Background: B cells and humoral immune responses play an important role in the pathogenesis and diagnosis of multiple sclerosis (MS). A characteristic finding in patients with MS is a polyspecific intrathecal B cell response against neurotropic viruses, specifically against measles virus, rubella virus, and varicella zoster virus, also known as an MRZ reaction (MRZR). Here, we correlated from the routine clinical diagnostics individual IgG antibody indices (AIs) of MRZR with magnetic resonance imaging (MRI) findings in patients with first MS diagnosis.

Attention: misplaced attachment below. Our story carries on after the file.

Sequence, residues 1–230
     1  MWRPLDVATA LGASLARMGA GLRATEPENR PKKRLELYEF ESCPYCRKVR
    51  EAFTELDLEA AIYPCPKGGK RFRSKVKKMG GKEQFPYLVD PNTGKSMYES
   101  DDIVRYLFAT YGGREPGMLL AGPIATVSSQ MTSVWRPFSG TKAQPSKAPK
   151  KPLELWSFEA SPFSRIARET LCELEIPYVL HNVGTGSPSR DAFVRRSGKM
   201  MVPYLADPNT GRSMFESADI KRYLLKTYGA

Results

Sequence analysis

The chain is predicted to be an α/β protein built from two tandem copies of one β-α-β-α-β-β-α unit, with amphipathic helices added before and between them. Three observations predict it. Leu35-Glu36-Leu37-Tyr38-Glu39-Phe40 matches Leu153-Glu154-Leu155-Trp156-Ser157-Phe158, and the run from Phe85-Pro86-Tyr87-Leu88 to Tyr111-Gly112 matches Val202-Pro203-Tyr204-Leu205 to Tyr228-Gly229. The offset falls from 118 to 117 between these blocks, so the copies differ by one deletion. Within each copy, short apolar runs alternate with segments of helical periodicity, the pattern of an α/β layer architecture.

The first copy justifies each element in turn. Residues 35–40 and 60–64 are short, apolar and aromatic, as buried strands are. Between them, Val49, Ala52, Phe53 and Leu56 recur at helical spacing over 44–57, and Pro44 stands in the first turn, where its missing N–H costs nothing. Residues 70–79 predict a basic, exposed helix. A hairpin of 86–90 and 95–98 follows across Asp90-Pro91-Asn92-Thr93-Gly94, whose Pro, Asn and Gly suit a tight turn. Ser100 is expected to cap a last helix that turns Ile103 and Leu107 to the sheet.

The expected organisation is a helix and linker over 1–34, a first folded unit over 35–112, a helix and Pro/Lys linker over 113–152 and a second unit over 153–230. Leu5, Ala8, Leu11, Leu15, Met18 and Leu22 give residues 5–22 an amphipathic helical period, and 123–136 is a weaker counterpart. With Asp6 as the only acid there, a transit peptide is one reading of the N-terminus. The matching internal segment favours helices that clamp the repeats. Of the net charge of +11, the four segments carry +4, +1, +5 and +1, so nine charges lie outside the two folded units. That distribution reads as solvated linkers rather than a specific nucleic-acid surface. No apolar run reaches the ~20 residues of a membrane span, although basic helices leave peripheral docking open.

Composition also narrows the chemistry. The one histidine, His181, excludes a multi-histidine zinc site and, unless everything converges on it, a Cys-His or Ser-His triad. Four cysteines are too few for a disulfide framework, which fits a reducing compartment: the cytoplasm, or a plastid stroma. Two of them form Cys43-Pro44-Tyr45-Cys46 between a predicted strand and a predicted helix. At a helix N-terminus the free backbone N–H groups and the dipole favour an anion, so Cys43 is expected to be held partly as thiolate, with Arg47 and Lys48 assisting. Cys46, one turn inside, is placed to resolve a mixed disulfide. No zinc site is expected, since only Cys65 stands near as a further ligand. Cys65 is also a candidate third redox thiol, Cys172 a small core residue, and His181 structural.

Methods/results: MRZR was determined in 68 patients with a clinically isolated syndrome (CIS) or early relapsing-remitting MS (RRMS). Absolute AI values for measles virus, rubella virus, and varicella zoster virus were correlated with T2 lesion load and gadolinium enhancing lesions on cerebral MRI (cMRI) and cMRI combined with spinal MRI (sMRI). Measles virus AI correlated significantly with T2 lesion load on cMRI (p = 0.0312, Mann-Whitney U test) and the sum of lesions on cMRI and sMRI (p = 0.0413). Varicella zoster virus AI also showed a correlation with T2 lesion load on cMRI but did not reach statistical significance (p = 0.2893).
Conclusion: The results confirm MRZR as part of the polyspecific immune reaction in MS with possible prognostic impact on MRI and clinical parameters. Furthermore, the data indicate that intrathecal measles virus IgG production correlates with disease activity on cMRI and sMRI in patients with early MS.